Montana Arts Council

Artist Innovation Awards

Artist Innovation Awards (AIA) acknowledge Montana artists who have demonstrated dedication to their creative pursuits and discovery in their artwork. AIA supports the risk taking necessary to expand an artist’s vision and practice. This can include new methods, applications, perspectives, elements, forms, materials, technology integration, project concepts, or processes that result from study and experimentation. Innovation applies to traditional art and contemporary art.

  • Demonstrated professionalism and artistic excellence
  • Evidence of bold exploration
  • Promise of on-going creative and professional growth

How we define innovation?

Innovation is the act of introducing something new or different to further an artist’s vision and practice. This can mean new methods, applications, perspectives, elements, forms, materials, technology integration, project concepts and/or processes that result from study, experimentation or experiences. Your innovation can be from any era of your artistic career. Your innovation can be a personal evolution, or an evolution for the field, or both. Innovation is applicable to traditional art and contemporary art.

AIA Nomination Guidelines

2021 Awardees And Their Innovations

Chip Clawson Headshot

Chip Clawson

Chip Clawson - CozyAs a ceramic artist, Chip Clawson of Helena is the recipient of the Jessie Wilber and Frances Senska Individual Artist Award, established by a private gift to the Montana Arts Council from Stacy Hamm and Sage Walden.

After a long hiatus, Chip Clawson returned to making ceramic art in the late 1990’s.  As for his creative process, Clawson says, “I am an inquisitive problem solver by nature and nurture, using innovation to resolve challenges and create art.”  Clawson’s work is inspired by the natural world, using forms like beetles, budding plants, shells, seed pods, or lava flows in a universal way. To realize his artistic vision, Clawson has often developed his own techniques and methods, and incorporated cutting edge technology along the way.  Clawson’s work appears most prominently in public spaces throughout Montana.  He has also completed installations participated in gallery showings, collaborations, and workshops for decades in far-flung places like Hawaii, Ohio, and Pennsylvania.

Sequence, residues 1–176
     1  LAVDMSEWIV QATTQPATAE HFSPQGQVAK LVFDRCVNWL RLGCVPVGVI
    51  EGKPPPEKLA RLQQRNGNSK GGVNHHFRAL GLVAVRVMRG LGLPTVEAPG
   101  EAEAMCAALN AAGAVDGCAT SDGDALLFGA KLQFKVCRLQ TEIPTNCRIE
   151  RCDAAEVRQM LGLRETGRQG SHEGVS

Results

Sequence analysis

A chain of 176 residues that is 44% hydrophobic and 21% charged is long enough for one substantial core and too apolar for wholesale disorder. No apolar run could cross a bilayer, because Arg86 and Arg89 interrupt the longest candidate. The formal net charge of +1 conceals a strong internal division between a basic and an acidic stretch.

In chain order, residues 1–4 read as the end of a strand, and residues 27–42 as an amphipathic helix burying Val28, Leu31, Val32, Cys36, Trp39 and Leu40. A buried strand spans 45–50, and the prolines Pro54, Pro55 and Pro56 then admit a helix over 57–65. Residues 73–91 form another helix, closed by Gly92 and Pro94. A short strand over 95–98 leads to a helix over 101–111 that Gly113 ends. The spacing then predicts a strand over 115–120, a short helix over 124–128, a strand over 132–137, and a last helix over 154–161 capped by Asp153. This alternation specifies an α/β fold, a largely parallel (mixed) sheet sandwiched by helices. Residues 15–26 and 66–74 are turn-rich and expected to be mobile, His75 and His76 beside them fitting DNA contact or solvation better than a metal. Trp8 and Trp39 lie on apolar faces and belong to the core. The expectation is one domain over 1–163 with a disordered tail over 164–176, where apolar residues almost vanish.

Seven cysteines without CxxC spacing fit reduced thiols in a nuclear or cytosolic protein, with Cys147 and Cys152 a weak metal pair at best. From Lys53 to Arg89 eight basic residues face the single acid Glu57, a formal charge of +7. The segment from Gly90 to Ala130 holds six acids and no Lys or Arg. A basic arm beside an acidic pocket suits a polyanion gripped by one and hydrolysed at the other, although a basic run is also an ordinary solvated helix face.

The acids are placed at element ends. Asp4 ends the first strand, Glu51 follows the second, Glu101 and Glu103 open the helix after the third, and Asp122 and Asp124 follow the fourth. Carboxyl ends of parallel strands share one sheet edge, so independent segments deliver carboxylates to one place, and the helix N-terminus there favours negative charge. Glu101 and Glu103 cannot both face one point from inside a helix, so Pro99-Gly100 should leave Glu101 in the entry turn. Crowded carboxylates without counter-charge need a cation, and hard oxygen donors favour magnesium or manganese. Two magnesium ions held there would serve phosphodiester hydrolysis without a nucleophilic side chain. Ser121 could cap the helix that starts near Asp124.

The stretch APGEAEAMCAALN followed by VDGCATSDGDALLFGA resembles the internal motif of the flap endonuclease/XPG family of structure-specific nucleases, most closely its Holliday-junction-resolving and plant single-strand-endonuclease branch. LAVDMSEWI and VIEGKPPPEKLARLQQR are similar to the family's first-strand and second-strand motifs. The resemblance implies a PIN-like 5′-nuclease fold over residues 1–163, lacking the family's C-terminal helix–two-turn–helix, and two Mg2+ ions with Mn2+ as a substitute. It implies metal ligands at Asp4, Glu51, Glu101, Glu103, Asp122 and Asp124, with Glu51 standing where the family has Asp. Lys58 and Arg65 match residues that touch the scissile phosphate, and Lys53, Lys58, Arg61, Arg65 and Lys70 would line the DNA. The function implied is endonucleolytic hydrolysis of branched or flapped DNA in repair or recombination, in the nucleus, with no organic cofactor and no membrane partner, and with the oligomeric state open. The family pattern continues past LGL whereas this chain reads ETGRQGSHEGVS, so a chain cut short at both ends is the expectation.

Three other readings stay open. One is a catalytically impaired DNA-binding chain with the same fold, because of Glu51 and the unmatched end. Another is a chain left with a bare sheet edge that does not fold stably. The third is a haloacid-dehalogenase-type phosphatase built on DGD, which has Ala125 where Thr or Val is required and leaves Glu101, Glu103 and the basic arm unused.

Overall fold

From the panel: “There is ample evidence of consistent forward progress and drawing on resources and opportunities to steadily expand practice, studio, innovations, and completed works. His work samples span 20+ years, but there are many recent examples showing that his innovation will continue.”

From the panel: “There is no one doing work like this. Originally a ceramic artist, Clawson gave up his native art form to explore other media that could take him into the areas he wanted to explore. He continuously risks, fails, risks again, shifts course, and creates--with a purity of spirit and humility you don't often see in artists of this caliber.”

View Chip's submitted work.


Megan Karls Headshot

Megan Karls

Megan Karls - DecommissionedGreat Falls-based violinist Megan Karls is an artist with a passion for community-building through creative experience. She currently performs as Co-Concertmaster of the Great Falls Symphony and Associate Concertmaster of the Billings Symphony. Accustomed to performing as part of ensembles in front of live audiences, Karls responded to the challenges of COVID by recording and releasing solo works in the abandoned Cold War Air Force installations that dot Northern Montanan. About the innovative project, Karls says, “I wanted to grow as a violinist, even during COVID, and this project was a great mountain to climb.”  

From the panel: “Successfully seeking challenges and producing new work in covid. Project resulting in bold, innovative, beautiful, haunting work in non-traditional, even hostile, settings, intimately tied to Montana's landscape -- political, historical, architectural.”